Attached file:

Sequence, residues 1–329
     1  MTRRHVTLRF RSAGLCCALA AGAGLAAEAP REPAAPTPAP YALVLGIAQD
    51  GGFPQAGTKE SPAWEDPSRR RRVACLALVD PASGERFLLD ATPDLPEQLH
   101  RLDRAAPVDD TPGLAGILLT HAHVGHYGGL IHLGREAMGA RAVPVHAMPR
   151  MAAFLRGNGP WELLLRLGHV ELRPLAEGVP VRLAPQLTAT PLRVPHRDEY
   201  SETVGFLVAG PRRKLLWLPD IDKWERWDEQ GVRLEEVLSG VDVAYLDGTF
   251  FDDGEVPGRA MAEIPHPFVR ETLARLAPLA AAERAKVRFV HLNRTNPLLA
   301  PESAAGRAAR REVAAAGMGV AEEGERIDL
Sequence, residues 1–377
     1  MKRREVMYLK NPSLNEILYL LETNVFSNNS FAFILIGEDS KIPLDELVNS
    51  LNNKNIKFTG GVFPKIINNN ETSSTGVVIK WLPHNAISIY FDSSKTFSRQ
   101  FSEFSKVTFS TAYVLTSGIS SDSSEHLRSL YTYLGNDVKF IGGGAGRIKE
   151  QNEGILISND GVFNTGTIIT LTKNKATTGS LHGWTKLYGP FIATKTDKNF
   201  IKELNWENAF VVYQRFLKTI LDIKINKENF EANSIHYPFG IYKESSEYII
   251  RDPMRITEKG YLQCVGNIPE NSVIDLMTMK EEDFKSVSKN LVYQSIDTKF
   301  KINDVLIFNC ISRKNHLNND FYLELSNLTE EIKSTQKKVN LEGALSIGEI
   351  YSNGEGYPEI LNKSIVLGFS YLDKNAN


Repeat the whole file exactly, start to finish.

Sequence, residues 1–329
     1  MTRRHVTLRF RSAGLCCALA AGAGLAAEAP REPAAPTPAP YALVLGIAQD
    51  GGFPQAGTKE SPAWEDPSRR RRVACLALVD PASGERFLLD ATPDLPEQLH
   101  RLDRAAPVDD TPGLAGILLT HAHVGHYGGL IHLGREAMGA RAVPVHAMPR
   151  MAAFLRGNGP WELLLRLGHV ELRPLAEGVP VRLAPQLTAT PLRVPHRDEY
   201  SETVGFLVAG PRRKLLWLPD IDKWERWDEQ GVRLEEVLSG VDVAYLDGTF
   251  FDDGEVPGRA MAEIPHPFVR ETLARLAPLA AAERAKVRFV HLNRTNPLLA
   301  PESAAGRAAR REVAAAGMGV AEEGERIDL
Sequence, residues 1–377
     1  MKRREVMYLK NPSLNEILYL LETNVFSNNS FAFILIGEDS KIPLDELVNS
    51  LNNKNIKFTG GVFPKIINNN ETSSTGVVIK WLPHNAISIY FDSSKTFSRQ
   101  FSEFSKVTFS TAYVLTSGIS SDSSEHLRSL YTYLGNDVKF IGGGAGRIKE
   151  QNEGILISND GVFNTGTIIT LTKNKATTGS LHGWTKLYGP FIATKTDKNF
   201  IKELNWENAF VVYQRFLKTI LDIKINKENF EANSIHYPFG IYKESSEYII
   251  RDPMRITEKG YLQCVGNIPE NSVIDLMTMK EEDFKSVSKN LVYQSIDTKF
   301  KINDVLIFNC ISRKNHLNND FYLELSNLTE EIKSTQKKVN LEGALSIGEI
   351  YSNGEGYPEI LNKSIVLGFS YLDKNAN